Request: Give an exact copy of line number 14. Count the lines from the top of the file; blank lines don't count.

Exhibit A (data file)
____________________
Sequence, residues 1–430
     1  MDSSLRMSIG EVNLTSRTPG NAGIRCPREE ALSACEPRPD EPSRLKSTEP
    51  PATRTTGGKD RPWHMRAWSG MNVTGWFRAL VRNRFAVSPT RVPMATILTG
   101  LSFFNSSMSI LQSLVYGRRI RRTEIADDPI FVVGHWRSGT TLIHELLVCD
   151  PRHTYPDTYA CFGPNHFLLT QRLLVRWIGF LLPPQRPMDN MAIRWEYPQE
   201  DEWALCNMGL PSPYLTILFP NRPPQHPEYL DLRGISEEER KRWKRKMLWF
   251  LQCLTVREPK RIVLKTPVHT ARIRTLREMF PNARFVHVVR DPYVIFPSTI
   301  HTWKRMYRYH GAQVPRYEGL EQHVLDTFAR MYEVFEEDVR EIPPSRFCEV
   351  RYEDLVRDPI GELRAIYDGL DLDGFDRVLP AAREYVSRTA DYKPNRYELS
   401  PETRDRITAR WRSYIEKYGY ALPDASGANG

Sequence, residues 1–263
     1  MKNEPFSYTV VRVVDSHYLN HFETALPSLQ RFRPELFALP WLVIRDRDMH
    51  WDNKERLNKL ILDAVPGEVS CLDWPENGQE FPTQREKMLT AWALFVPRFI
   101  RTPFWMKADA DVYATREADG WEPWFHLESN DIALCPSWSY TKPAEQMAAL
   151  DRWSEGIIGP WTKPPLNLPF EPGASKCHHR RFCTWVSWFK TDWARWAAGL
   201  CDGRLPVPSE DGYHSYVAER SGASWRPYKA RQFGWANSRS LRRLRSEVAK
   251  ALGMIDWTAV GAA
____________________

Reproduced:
   101  RTPFWMKADA DVYATREADG WEPWFHLESN DIALCPSWSY TKPAEQMAAL